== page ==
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Jon Lovitz on 'SNL,' Melissa McCarthy and American politics

Larry King NowFeb 27 '17

Legendary comedian Jon Lovitz delves into his favorite past 'SNL' moments and analyzes the portrayal of The Trump Administration by the 2017 cast. Plus, Jon discusses his recent stint on 'The New Celebrity Apprentice,' as well as his unique take on the American political sphere.

Larry King meets with actor and comedian Jon Lovitz, a ‘SaturdayNight Live’ cast member from 1985-1990, with roles in films like ‘Big,’ ‘A League of Their Own,’ ‘City Slickers,’ ‘The Wedding Singer,’ and TV roles on ‘Friends,’ ‘New Girl,’ ‘The Critic,’ and ‘The Simpsons.’ Lovitz is also a stand-up comedian, performing at the Foundry at SLS Hotel in Las Vegas, alongside Dana Carvey. He talks about working with the humorous Carvey, a fellow ‘SNL’ alumnus.

Larry asks Lovitz if he is still known for ‘SNL,’ and Lovitz talks about being recognized for various roles. He has kept in touch with some ‘SNL’ people, and speaks positively about the good writing and cast of the current show. When asked about the political characters portrayed on the show, Lovitz mentions that ‘SNL’ makes fun of whoever’s in the White House, and that Trump has a big personality. He praises Melissa McCarthy’s portrayal of Sean Spicer, noting her comedic timing and ability to stay in character, which they both learned at the Groundlings Theatre.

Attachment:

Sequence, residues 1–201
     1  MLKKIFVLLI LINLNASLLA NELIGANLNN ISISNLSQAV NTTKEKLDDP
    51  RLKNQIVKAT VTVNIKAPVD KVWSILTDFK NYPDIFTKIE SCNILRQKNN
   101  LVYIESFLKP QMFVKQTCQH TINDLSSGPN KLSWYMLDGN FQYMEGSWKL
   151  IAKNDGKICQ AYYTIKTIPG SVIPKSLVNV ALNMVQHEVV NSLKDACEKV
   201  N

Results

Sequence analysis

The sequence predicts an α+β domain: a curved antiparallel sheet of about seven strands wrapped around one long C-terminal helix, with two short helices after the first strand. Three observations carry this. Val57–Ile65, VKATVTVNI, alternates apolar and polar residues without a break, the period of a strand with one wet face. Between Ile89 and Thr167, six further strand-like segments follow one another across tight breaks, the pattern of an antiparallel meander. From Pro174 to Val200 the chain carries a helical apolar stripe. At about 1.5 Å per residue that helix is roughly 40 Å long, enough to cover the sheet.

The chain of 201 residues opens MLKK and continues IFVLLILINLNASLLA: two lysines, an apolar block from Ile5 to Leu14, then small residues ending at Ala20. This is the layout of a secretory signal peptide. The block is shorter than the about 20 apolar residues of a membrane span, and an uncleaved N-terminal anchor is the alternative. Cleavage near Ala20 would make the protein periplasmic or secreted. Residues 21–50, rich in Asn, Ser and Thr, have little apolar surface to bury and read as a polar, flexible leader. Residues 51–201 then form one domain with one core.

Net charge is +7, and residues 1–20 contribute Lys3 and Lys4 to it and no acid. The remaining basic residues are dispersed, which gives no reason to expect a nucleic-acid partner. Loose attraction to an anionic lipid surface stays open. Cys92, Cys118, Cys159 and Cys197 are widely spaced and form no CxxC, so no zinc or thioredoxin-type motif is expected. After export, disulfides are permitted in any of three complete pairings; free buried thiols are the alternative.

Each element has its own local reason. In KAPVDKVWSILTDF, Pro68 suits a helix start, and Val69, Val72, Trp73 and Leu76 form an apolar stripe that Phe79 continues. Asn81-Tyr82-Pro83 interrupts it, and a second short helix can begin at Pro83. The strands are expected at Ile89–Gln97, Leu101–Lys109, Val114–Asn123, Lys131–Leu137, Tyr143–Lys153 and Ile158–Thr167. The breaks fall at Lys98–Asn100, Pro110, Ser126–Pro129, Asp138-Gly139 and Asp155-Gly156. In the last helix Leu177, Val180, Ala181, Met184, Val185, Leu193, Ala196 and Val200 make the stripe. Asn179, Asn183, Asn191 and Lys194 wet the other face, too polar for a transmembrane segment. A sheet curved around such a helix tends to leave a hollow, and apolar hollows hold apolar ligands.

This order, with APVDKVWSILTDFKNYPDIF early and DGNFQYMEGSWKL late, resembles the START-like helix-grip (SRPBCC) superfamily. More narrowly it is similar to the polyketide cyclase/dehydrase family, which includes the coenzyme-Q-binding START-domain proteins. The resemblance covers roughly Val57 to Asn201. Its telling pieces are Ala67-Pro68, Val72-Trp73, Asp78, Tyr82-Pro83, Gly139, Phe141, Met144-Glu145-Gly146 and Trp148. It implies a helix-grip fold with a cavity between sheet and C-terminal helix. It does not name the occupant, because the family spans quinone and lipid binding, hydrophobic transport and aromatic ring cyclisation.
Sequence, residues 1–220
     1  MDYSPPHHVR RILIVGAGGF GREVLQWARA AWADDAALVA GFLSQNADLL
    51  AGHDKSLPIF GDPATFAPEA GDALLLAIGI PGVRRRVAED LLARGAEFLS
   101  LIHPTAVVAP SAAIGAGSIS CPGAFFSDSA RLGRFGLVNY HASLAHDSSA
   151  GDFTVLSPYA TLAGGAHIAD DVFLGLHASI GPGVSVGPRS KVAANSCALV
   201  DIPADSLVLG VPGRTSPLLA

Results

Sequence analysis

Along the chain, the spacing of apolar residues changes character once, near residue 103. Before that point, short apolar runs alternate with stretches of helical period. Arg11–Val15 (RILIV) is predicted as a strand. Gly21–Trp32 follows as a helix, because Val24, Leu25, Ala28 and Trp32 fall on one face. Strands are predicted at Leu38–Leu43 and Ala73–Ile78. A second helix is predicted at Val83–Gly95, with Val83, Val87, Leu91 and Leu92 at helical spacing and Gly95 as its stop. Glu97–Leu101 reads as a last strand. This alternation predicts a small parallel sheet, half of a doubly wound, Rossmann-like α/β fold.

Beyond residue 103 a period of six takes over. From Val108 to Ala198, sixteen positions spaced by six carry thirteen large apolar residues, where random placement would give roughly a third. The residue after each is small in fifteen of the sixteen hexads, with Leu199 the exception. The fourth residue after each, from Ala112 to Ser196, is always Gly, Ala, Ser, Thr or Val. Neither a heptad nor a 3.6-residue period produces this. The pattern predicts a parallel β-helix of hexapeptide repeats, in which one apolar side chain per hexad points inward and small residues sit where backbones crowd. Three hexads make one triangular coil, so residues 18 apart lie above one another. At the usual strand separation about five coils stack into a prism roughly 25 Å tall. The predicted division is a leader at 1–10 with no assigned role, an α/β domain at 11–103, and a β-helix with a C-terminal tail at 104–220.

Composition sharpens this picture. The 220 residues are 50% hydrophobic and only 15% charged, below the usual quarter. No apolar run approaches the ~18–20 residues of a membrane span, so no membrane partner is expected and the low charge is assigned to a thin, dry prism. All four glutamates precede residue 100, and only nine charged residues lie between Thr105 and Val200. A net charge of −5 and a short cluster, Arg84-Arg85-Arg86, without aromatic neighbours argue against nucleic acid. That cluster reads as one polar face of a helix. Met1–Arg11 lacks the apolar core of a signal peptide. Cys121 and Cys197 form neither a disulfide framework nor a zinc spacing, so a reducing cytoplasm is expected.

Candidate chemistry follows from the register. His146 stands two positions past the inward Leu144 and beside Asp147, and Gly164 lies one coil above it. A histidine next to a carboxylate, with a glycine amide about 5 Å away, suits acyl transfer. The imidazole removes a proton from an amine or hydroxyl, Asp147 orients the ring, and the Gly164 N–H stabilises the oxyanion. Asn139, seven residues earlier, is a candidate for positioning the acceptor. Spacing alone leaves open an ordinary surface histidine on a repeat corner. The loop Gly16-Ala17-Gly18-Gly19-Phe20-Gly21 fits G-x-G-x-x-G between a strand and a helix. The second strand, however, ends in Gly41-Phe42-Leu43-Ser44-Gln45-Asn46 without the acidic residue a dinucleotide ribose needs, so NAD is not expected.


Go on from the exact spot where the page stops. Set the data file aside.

Then Larry and Lovitz talk about Lenny Bruce and Woody Allen, who influenced Lovitz to do stand-up in college. Lovitz calls Larry a name dropper, and asks whom Larry has wanted to interview. Larry’s answer is the late Fidel Castro. He asks Lovitz about current comedians Lovitz admires, and Lovitz mentions Dave Attell and Zach Galifianakis. They speculate on having a female host on ‘The Late Night Show,’ and Lovitz says that he doesn’t care about gender, but that there aren’t many women in blue comedy. He talks about balancing inclusion and sensitivity with humor.

Next, Larry asks Lovitz about politics, and Lovitz talks about not knowing if he’s a political conservative or liberal. Though he’s been a Democrat, he doesn’t know what the party is now, and while he doesn’t agree with Republicans on many social issues, he agrees with some messages.

Finally, Lovitz talks about going into stand-up comedy and the fun of doing multi-cam sitcoms. He talks about a role he performed in the play, ‘The Dinner Party.’